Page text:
POMONA — Fearing that their cautiousness could jeopardize the proposed Inland Pacific World Trade Center, City Council members have reversed a previous decision and voted not to hire an independent consultant to analyze the $96-million project.
The analysis, which would have cost about $15,000 and taken six weeks, had been requested last month by Councilwoman Nell Soto, who has been openly skeptical about the financial integrity of the project's promoter and co-owner, H. Thomas Felvey.
By a 3-1 vote, the four-member council agreed on June 22 to seek the study. On Monday, however, the council voted 3 to 1 to forgo the analysis and proceed with plans to construct the 14-story trade center.
"You can study something to death," Mayor Donna Smith said in an interview after Monday's meeting. "I'm not willing to stab a dagger into the project."
Soto, who ended up being the only dissenting council member, said she was irritated at having spent the last month interviewing potential consultants for nought.
"If the council hadn't intended to hire one in the first place, we never should have gone through that exercise," she said. "We were sincerely trying to do something. . . . We spent a lot of hours."
The reversal came at the urging of several local business leaders who told the council that they believed any further delays could damage the city's efforts to attract commercial development.
"Studies by consultants seldom come up with answers. They tend to be vague and ambivalent," Philip Pumerantz, president of the Pomona Chamber of Commerce, wrote in a letter to the council.
"It is our opinion you will be in the same position you are in now when the study is complete, except that you may have done irreparable harm to the city's credibility in the process," Pumerantz wrote.
Chuck Trapp, president of the Pomona Economic Development Corp., said he believed that the city staff members, who have prepared all the documentation for the project, already have done the analysis that the council sought.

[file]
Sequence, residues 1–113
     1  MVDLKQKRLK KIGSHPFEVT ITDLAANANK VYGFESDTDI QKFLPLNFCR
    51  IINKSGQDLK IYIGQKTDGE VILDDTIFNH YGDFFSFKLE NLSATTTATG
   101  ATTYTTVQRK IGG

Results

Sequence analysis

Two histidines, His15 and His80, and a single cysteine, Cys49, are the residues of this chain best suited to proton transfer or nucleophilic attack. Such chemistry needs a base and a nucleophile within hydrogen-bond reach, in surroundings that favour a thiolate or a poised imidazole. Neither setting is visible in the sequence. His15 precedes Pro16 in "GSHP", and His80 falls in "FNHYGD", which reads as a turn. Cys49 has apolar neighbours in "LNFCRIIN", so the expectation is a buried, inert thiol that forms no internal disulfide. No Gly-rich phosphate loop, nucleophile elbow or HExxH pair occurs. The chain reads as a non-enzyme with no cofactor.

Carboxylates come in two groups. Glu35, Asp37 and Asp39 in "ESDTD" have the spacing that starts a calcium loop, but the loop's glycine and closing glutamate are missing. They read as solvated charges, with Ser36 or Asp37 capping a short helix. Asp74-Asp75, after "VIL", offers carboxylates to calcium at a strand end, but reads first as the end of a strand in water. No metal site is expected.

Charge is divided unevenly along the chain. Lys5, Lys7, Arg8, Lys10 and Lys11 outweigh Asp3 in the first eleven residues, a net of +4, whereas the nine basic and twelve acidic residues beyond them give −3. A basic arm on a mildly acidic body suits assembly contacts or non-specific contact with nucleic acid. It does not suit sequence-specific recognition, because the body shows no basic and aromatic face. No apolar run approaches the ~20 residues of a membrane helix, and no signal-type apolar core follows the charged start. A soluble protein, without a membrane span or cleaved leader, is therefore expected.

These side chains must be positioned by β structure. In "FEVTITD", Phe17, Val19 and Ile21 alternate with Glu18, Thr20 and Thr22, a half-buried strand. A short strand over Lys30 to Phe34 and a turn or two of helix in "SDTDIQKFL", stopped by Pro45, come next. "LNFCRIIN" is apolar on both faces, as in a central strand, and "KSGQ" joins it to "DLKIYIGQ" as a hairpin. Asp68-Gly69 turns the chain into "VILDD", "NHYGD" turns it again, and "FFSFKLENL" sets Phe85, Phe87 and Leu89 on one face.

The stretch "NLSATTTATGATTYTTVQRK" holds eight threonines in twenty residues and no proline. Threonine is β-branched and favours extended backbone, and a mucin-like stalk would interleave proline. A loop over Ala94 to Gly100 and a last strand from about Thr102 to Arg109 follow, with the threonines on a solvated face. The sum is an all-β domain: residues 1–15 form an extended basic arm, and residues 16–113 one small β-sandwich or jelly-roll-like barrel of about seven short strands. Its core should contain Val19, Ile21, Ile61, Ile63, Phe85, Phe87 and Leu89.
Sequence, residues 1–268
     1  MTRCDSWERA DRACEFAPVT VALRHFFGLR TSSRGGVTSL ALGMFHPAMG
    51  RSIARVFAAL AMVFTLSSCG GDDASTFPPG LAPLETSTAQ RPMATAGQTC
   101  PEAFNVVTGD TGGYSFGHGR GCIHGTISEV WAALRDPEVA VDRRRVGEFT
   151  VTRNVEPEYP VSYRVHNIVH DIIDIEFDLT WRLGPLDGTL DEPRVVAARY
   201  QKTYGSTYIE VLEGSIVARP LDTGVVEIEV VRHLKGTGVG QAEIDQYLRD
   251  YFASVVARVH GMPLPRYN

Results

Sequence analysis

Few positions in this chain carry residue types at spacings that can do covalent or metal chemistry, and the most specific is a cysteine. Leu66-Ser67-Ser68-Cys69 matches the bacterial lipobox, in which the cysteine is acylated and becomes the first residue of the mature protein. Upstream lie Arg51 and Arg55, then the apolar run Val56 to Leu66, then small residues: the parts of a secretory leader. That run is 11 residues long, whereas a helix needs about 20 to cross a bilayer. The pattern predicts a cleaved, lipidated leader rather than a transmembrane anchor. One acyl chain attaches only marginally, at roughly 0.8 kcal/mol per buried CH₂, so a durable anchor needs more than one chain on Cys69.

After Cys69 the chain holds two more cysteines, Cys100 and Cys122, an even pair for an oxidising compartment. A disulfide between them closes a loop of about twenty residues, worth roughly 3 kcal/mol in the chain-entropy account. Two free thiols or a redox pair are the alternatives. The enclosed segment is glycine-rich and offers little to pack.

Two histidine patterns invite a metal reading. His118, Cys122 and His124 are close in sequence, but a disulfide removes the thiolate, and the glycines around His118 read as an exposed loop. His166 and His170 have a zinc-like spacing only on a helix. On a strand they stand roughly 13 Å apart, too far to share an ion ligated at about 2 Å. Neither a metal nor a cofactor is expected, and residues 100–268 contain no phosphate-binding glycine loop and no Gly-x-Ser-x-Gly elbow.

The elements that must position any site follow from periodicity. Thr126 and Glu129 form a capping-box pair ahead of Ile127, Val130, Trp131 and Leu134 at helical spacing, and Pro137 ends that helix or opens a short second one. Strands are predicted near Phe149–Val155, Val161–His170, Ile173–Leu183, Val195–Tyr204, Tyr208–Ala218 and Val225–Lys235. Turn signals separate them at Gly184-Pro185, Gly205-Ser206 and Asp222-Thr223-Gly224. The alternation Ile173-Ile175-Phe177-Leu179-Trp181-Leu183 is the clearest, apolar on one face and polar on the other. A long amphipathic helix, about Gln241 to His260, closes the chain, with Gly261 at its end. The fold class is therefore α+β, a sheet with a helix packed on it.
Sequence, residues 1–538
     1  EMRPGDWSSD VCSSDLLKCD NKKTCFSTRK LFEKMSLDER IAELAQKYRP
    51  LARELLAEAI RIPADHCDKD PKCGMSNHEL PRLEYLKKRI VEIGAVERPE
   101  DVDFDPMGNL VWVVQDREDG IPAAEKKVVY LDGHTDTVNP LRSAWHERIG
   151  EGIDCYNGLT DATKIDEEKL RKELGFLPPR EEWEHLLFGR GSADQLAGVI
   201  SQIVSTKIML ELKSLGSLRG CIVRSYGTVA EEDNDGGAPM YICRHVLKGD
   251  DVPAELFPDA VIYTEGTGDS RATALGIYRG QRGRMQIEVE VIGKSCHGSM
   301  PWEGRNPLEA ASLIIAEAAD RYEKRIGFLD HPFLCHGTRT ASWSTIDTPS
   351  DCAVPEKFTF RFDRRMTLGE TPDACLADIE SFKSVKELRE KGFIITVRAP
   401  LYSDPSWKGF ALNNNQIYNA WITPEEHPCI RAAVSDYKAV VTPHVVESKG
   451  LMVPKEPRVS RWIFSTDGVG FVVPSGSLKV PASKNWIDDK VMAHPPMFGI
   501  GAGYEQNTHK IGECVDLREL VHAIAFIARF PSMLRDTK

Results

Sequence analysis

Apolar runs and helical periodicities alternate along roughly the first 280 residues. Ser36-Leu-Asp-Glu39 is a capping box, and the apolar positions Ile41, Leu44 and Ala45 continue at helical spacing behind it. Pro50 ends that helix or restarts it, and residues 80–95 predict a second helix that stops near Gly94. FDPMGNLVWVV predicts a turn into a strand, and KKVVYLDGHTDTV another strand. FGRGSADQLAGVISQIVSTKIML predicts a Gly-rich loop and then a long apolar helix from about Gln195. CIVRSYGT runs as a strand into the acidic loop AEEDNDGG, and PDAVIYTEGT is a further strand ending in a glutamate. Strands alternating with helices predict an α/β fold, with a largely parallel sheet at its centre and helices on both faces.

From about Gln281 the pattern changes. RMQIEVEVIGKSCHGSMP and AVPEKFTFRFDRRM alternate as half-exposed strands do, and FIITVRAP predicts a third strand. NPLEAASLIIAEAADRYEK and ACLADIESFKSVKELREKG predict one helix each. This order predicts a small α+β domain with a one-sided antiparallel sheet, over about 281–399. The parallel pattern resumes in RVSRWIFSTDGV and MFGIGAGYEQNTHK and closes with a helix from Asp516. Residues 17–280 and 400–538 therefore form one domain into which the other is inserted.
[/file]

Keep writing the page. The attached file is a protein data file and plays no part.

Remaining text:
"You'd just be hiring another consultant to do what an army of consultants has already done," he said. "It's a case of overkill."
Felvey, who holds exclusive rights to negotiate for the development of the downtown trade center site, became a source of concern for the council after a story in The Times outlined how the Orange County architect had left a trail of debt and unfinished projects throughout the Los Angeles area over the last decade.
According to Los Angeles County Superior and Municipal Court records, Felvey and three of his corporations are the subject of at least 12 uncontested default judgments for debts ranging from $1,000 to $96,000.
After interviewing more than two dozen former business associates and employees, it was learned that four firms that have done work directly connected with the proposed Inland Pacific World Trade Center have severed ties with Felvey because they contend that he or his corporations still owe them money.
Felvey, 41, has said that his professional difficulties should have no bearing on the 1-million-square-foot international business complex he hopes to build on a 4.5-acre site across from City Hall.
Council members, however, have responded with caution. At a June 8 meeting, they balked at a plan to provide Felvey with the land he needs to build the project until they could meet personally with all his development partners.
Still seeking reassurances about the extent of risk being assumed by the city, council members then decided to hire an independent redevelopment consultant to analyze the project.
"I had hoped that if there was anything we had not been aware of that might be a higher risk than we thought to be, the independent consultant could have told us," Soto said. "It would have made me feel better."
Although other council members said they believed the city was already well protected, they agreed to hire the consultant as a way to get unanimous support for the project.
"I think it's so important and such a boost to the city that it deserves the full support of the City Council," said Councilman Mark A. T. Nymeyer, who helped Soto interview potential consultants. "In so many words, I put my foot into the camp of people who tend to look at the project with a little bit of a jaundiced eye."
However, when Soto and Nymeyer returned to the council on Monday recommending that their colleagues hire the Claremont consulting team of Gunn, Russell, Copenhaver & Co., support for the idea had eroded.
Councilman E. J. (Jay) Gaulding, who had initially voted to hire a consultant, said that that had never really been his intention.
"It was very unclear at the time," he said. "I thought they were just going to take it up again and see what was going to be done on it. I've never supported" paying for the study.